Owners and tenants of commercial property are often unaware of the depreciation deductions they can claim.
Over the last twenty years, we have clarified many questions relating to commercial property depreciation and how it’s claimed. But to save you time, here is a comprehensive list of answers to the most common questions asked by both commercial owners and tenants.
What is commercial property depreciation?
Depreciation is the natural wear and tear of a property and its assets over time. This non-cash deduction can be claimed each financial year.
There are two categories that depreciation can be claimed under. The first is capital works, which refers to the structure of the property and any fixed assets. Commercial capital works deductions are often found from the building’s walls, doors, windows, toilets and air-conditioning ducting.
The second depreciation category is plant and equipment. This versatile component covers the property’s easily removable or mechanical fixtures and fittings. Some commercial plant and equipment assets include floor coverings, desks, shelving, kitchen appliances and window coverings.
Can commercial property be too old to claim depreciation?
It’s very unlikely for a commercial property to be too old and it’s always worth asking the question.
Commercial properties where construction commenced after 20 July 1982 are eligible for all capital works deductions. If the property was constructed before this date, capital works deductions may still be available through any improvements made, for example retiling a bathroom or replacing a window. This is in addition to all eligible plant and equipment assets.
Can both a commercial tenant and owner of the same building claim depreciation?
Yes. The owner can claim depreciation on the property’s structure and any assets they own. The tenant can claim depreciation on the assets they own within their fit-out.
BMT Tax Depreciation ensure both parties claim all depreciation deductions available and in a compliant way by conducting physical site inspections.
Do 2017 legislation changes apply to commercial properties?
The short answer is no.
Depreciation legislation introduced in 2017 changed the way residential investors can claim depreciation for plant and equipment assets. The changes mean if they exchanged contracts for a second-hand investment property after 7:30pm on 9 May 2017, they can’t claim depreciation on the property’s existing plant and equipment assets.
The good news is that commercial investors and tenants aren’t affected by the legislation change. They can still claim any available depreciation on all existing plant and equipment assets.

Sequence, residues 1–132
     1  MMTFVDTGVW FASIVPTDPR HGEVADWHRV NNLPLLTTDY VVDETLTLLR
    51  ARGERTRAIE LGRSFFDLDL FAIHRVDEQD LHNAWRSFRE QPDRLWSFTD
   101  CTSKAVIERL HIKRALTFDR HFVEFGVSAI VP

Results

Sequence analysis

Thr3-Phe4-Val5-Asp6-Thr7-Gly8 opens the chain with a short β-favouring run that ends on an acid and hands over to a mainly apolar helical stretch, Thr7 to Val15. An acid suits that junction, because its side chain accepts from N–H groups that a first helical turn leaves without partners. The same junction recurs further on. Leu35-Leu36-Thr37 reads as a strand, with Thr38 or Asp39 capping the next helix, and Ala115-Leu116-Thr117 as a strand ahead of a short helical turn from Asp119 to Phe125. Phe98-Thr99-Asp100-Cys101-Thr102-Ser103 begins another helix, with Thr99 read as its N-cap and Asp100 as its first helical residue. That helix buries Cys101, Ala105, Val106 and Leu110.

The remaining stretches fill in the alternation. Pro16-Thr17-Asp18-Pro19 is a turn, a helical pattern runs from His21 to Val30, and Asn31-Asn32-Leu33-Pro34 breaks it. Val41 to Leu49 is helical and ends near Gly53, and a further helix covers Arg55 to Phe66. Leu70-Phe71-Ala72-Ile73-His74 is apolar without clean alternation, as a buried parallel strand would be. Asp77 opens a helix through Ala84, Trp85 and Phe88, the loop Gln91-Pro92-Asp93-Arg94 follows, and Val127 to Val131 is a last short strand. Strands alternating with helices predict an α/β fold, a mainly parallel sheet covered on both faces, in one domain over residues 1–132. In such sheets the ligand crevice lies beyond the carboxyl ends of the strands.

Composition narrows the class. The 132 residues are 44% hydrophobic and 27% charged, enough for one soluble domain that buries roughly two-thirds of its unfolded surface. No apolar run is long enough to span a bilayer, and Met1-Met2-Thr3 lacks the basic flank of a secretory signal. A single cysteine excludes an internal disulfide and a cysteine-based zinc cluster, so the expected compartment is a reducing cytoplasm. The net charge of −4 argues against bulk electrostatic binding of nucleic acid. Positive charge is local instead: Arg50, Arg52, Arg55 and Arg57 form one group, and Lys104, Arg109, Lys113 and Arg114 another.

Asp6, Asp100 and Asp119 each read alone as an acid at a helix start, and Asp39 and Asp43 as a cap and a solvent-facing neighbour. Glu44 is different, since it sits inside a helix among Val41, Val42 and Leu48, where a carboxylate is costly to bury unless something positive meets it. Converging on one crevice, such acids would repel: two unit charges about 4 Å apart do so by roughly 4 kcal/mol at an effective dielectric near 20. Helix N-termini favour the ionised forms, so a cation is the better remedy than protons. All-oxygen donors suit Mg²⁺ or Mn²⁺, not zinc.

What is temporary full expensing, and can commercial owners claim it?
The temporary full expensing measure is currently in place until the end of the 2021-22 financial year.
This incentive allows businesses that purchase plant and equipment assets from 6 October 2020 to 1 July 2022 to instantly write the asset’s cost as a tax deduction. Any business with an aggregated turnover of up to $5 billion can take advantage of full expensing.
Operating a business is the key eligibility requirement. This means commercial property owners that don’t run a business can’t claim full expensing.
Can depreciation be claimed on owner-occupied commercial properties?
Yes. For businesses in the position to do so, owning and occupying the commercial property they operate from can be a financially viable move.
In this scenario, they can still claim both the capital works and plant and equipment deductions available. This is sometimes misunderstood due to residential owner-occupiers being unable to claim depreciation.
What is scrapping?
The owner of a ‘disposed’ asset that has un-deducted depreciable value can claim this entire amount as an immediate deduction. This process is called scrapping and can boost cash flow by thousands in just one year. Scrapping can occur if the property is renovated, repaired or a commercial tenant has moved out.
To put it into practice: If a commercial owner completed a renovation disposed of carpet that had an un-deducted depreciable value of $2,000, they can claim the $2,000 in the same year.
If the previous owner completed renovations on the commercial property, can the current owner claim depreciation on these?
Yes. Anything that’s part of a previous renovation will be estimated and the available depreciation will be determined. This includes items which may not be so obvious, for example, new plumbing and updated electrical wiring.
BMT has completed thousands of tax depreciation schedules for commercial property owners and tenants. These schedules have been across all different commercial industries from hospitality, manufacturing to healthcare and public transport facilities.
Start claiming commercial depreciation and contact BMT today on 1300 728 726 or Request a Commercial Quote.